Part three of our week-long series highlighting some of the amazing nurses of the Nurse Alliance of SEIU Pennsylvania.
Within minutes of meeting Alana Bennett, LPN, the phrase that comes to mind most readily is “full of life.”
That obvious energy and enthusiasm serves her well in her assignment at Care Pavilion.
“I work on what we call a ‘step-up unit,’ the short-stay rehabilitation unit,” she explained. “So basically the hospital unit of the facility.”
While Alana moves through her day in the step-up unit with the passion of a person who has found her calling, her path to nursing was a more practical one for a woman with a young family.
“It’s kind of funny,” she said. “I chose nursing as a career because I knew that would always afford me a good job. That’s originally why.”
Nowadays it’s a different story.
“Being here now,” Alana said. “I just find it overall rewarding and fulfilling. Meeting people, seeing people go from being really ill to being healed, helping folks – it’s just overall rewarding.”
Alana’s young family is now grown— two kids off at college — and even growing. She’s currently planning a July wedding with her fiancé. Despite the busy personal life, she still pours a lot of energy into her role as a caregiver. But it’s clearly a role that gives back.
Despite the busy personal life, she pours a lot of energy into her role as a caregiver. But it’s clearly a role that gives back.
“Just knowing you make that difference to somebody, to me that’s an amazing feeling,” Alana said. “It’s funny, because it also humbles you. You get to see things from a different standpoint. When you hear people’s stories and see their struggles, it brings that perspective back to you.”
Making that connection with her patients and residents is what she loves most about the job. Alana noted that most people go through their day being guarded with everyone, being careful about what they share and with whom. That dynamic can go out the window in a healthcare setting.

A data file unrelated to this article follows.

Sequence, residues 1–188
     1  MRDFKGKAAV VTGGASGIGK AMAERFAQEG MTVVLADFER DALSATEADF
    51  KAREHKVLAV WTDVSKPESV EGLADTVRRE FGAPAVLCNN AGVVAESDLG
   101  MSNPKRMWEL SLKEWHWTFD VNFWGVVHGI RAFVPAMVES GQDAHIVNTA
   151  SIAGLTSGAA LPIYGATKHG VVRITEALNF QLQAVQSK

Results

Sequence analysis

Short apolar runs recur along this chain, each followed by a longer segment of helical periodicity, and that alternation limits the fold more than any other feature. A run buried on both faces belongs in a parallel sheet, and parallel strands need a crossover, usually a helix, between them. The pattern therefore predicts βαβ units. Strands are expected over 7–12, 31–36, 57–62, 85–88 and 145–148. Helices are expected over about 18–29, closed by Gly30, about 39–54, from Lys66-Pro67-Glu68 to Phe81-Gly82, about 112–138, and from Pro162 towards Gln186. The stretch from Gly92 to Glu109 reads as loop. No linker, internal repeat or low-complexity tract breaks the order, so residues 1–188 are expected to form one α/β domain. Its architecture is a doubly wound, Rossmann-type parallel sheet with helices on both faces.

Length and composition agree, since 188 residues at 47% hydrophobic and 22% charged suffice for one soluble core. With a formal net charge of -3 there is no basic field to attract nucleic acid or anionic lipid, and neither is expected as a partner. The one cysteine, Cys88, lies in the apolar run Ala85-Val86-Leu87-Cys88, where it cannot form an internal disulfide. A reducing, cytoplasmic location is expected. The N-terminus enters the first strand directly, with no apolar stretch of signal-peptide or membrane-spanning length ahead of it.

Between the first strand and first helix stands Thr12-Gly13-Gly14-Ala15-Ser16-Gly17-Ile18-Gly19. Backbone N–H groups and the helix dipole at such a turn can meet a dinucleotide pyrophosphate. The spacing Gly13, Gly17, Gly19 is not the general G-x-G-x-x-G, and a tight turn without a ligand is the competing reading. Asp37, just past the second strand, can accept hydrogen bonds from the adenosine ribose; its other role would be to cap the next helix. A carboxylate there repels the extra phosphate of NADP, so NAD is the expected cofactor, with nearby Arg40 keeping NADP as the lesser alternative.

“When you’re with a patient and you’re one-on-one there’s a lot of trust there,” Alana notes. “I’ve had residents and patients who will chit chat with me and laugh and joke and then someone new will come in the room and suddenly mum’s the word.”
While she loves the connections she makes, Alana points out that there are some not-so-great aspects of her work. One of them is universal.
“Not enough time in the day,” she complained. “You have patients, you have their specific needs and we tend to get task oriented — just trying to get those tasks accomplished. But are we really fulfilling all their needs? That extra few minutes just to chat or say ‘Oh that’s really nice!’ might really make a difference in someone’s life.”
Outside of the step-up unit, Alana has another passion — politics.
“I get very passionate about politics,” she said. “It’s kind of ironic — nursing brought me to that. I’ve always liked politics, but just as a spectator sport. But because of nursing I realized how everything is connected to politics.”
The reality of how politics affects our everyday lives is what drives Alana to get involved in canvassing and phone banking for candidates she supports and even knocking on doors to educate voters about important community issues.
She’ll put her political passion into practice again on Tuesday, May 10 when she joins the Nurse Alliance and other caregivers in the Capitol in Harrisburg. Hundreds of supporters will be gathered for a day of action to call for safer staffing and passage of “the Hospital Nursing Staff Report Card Act,” a bill to legislate transparency in nurse staffing in Pennsylvania.
Alana’s zeal for politics is almost matched by her enthusiasm for the union.
“All nurses should be union nurses!” she proclaimed. “I’m not just saying that being a union member. I’m saying that because of the nature of the job. We need that backup. Just like we have our patient’s back. We are all patients’ advocates, but we need somebody to be our advocate. It’s a rough job. We definitely need backup.”
And if there’s someone you would want to have your back, it’s Alana Bennett, LPN.